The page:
For anyone thinking about spending time in a place where you don't speak the language, I have a few tips on the do's and don't's to help you get along in daily life.
Let's start with the Don't's:
1) Never think you are above pointing and gesturing like a neanderthal. You'd be surprised how many people actually enjoy a game or two of charades. Besides, you really haven't lived until you've ended a conversation with a complete stranger with your leg hoisted up on their desk while you make doggy paddle motions with your hands.
2) Don't think that speaking louder will suddenly make someone speak your language. We've been on both sides of this experiment and it hasn't turned out well yet. No matter how slowly or at what volume the lady at the grocery store explains how I am supposed to prepare the mystery food I have just purchased, the Mandarin switch is not going to turn on, no matter how much we both want it to.
3) Don't underestimate the power of "please" and "thank you." You may not be able to be fluent overnight but you can at least be polite.
4) Most importantly, don't take yourself too seriously and don't get frustrated. When you tell the clerk at the 7-Eleven that you are a stupid monkey instead of asking for a bag because your tones are off, the best thing to do is just to laugh it off. After all, they are already laughing so you might as well make them laugh with you and not at you.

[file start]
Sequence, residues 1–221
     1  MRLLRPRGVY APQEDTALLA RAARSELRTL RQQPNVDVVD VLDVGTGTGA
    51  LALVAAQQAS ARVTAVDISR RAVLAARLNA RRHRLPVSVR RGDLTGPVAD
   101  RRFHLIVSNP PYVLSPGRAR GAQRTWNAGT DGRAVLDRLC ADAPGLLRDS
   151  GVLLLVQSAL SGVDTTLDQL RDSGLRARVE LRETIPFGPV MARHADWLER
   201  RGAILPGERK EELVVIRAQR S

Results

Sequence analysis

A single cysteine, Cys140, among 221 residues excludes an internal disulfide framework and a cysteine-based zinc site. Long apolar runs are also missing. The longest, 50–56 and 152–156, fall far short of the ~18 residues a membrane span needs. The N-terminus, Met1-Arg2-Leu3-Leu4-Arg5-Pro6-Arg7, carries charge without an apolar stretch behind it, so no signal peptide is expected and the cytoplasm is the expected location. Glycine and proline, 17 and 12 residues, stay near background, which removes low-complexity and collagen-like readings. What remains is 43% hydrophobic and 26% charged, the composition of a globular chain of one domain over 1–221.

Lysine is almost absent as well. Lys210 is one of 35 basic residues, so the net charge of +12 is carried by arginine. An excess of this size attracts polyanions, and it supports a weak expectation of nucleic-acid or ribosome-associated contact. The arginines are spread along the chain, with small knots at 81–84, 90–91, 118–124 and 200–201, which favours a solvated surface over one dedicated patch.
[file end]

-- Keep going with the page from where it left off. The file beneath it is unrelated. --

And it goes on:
1) The first thing that I have learned to do when someone speaks to me is to smile. I may have no idea what they are talking about but at least I can be pleasant to look at, right? I have found that a nice silly grin beats "deer in the headlights" any day.
2) If after a big grin, the person doesn't realize you have no idea what is going on and they continue speaking to you, I enjoy giving them a nice "knowing" chuckle. You'd be surprised how many times a friendly chortle is appropriate in a stranger's conversation. If it isn't appropriate, this will hopefully really drive the point home that you are quite in the dark about what the other person is saying. And, it usually makes the other person laugh and gives them a nice story to tell their friends.
3) Use what you do know. I have gotten a few "deer in the headlights" on the other end since my pronunciation is so ridiculously bad but I have also gotten what I wanted more times than not. I heard once that the reason that Harry Caray led the crowd of Cubs fans in singing "Take Me Out to the Ballgame" every seventh inning stretch was because he was so bad, everyone thought they could do better so everyone joined in singing. So, I will call my attempt at Chinese the "Harry Caray Effect". I butcher their language so badly, they have to know that their English is going to be better than my Mandarin and so they try it.
4) My final tip is a dangerous one but has served me well thus far. When in doubt, say yes. You can tell when someone is asking you a question in Chinese because their sentence ends with "ma?" So, if someone is waiting for me to answer them, I have just learned to say, "yes." It is kind of like a quick game of chance. Ooh, what have I ordered this time? It makes opening the carry-out bag for dinner much more exciting. We've had a few negative surprises like the watered down peanut butter juice for breakfast the other day, but mostly they have been positive, like last night when the lady just kept adding more food to our bag with no extra charge. Hopefully we didn't offer her our first-born in exchange for fried sweet potatoes.
I hope these tips were helpful. Happy communicating!